Image Copyright AmbeRed (2010)
I went into engineer mode and started to take measurements. I know I’m violating copyright law by modifying the images, but hopefully AmbeRed photography won’t mind too much. It’s a pretty cool image. I took a look at the AmbeRed site, some really talented stuff there.
Anyway, I put in some reference points to make some estimates. I can’t assume the camera was perfectly level when the photo was taken. To compensate for the camera angle I first drew a line perpendicular to the vertical edge of the pole platform. I’m making the assumption that the platform is relatively square. I think counted the number of pixel offset from a second reference line that was straight relative to the edge of the image. Using that pixel offset I drew a reference line from the left edge of the pole in red. This is the perpendicular line to show where the left should be it was no deflected. I then drew a second line in green from the center of pole at the base to the center of the pole at its highest point. I was amazed to see that the pole was both tilting and flexing.
Assuming the pole was 2” in diameter I estimate that the pole was deflecting (both tilt and bending) of seven to eight inches. I think the pole was held in place by weights around the base of the pole. The tilt is probably the result of the edge of the base lifting up against the weights.
The thing to keep in mind is when the pole deflects eight inches, the weight of the dancer suspended shifts eight inches. That is an enormous amount of energy. Have somebody jump off an eight in curb on to your hand for reference. I can only imagine how difficult this pole was to use. Besides the normal stresses the dancer has to deal with, there is the additional force of her weight moving around. That is a lot of force on her hands. Plus if she lets go with one hand the pole will shift. Releasing the top hand will result in the pole returning to a more vertical position. The lower the grip the lower the moment arm applied to the poll. Releasing the lower hand will have the opposite effect. That will increase the moment arm, resulting in the pole deflecting even more. The second she lets go with either hand the pole is going to become a moving target for her to grab.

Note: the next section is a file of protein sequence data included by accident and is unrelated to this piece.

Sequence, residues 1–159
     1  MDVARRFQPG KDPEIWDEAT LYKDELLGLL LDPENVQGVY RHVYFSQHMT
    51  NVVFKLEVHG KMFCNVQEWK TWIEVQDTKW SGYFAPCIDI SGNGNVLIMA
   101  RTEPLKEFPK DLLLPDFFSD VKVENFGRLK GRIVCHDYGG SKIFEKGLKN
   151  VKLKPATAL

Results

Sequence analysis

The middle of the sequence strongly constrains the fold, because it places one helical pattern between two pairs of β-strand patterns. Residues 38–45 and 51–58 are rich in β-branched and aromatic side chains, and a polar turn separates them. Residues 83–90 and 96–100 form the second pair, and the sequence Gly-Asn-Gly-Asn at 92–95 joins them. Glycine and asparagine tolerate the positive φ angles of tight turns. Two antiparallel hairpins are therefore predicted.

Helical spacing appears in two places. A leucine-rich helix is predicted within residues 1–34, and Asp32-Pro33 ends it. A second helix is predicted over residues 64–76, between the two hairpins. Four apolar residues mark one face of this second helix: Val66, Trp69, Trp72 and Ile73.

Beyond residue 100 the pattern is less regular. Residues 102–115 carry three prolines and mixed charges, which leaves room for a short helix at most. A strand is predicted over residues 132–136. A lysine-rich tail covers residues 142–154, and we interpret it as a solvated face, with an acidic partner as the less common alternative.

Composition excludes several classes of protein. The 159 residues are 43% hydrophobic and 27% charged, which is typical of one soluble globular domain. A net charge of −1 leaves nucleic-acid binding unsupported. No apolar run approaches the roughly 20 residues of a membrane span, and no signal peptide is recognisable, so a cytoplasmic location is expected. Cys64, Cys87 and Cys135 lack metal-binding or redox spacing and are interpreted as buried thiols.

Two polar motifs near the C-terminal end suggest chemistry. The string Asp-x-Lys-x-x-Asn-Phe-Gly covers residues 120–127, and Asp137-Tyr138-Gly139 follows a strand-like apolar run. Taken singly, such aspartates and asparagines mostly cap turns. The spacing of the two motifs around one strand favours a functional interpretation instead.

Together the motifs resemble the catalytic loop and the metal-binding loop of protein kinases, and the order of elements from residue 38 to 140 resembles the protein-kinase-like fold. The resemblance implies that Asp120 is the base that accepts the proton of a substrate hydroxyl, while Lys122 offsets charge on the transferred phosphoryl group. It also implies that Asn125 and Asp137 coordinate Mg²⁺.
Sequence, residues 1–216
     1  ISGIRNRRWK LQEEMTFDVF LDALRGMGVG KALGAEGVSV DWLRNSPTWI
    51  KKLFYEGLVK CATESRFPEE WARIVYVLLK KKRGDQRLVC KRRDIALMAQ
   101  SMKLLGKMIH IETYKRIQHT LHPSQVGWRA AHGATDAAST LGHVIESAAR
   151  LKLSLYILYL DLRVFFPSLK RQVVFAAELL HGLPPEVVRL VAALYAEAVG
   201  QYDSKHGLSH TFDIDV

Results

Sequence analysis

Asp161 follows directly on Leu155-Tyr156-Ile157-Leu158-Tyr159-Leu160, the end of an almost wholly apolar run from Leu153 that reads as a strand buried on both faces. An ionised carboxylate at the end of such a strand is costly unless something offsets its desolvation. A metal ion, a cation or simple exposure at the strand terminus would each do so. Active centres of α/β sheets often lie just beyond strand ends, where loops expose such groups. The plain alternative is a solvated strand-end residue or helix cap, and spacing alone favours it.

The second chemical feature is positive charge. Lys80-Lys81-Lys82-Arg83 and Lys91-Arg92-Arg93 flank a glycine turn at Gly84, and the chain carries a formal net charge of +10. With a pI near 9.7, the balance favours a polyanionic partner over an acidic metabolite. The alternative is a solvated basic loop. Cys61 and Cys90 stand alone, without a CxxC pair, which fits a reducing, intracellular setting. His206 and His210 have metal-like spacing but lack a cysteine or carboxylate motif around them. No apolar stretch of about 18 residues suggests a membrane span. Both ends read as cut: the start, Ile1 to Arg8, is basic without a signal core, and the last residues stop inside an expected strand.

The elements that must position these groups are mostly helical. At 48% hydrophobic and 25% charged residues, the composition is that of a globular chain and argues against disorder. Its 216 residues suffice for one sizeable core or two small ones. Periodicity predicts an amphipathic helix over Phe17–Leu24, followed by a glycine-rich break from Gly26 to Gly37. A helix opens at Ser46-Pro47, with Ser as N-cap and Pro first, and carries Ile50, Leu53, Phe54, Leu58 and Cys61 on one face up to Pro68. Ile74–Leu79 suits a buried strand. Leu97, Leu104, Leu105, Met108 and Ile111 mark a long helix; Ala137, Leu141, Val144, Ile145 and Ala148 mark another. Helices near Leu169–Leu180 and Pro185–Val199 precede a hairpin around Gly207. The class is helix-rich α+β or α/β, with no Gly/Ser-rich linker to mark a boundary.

The flexing is even scarier. If there were any cracks in the pole material the flexing will make them bigger until it breaks. Considering she is roughly three feet in the air, moving, and in a prone position, that would have resulted in a really nasty fall. On top of that the pole will act like a spring trying to catapult the dancer off the stage. I have a lot more respect for the dancers that did pole tricks at the awards.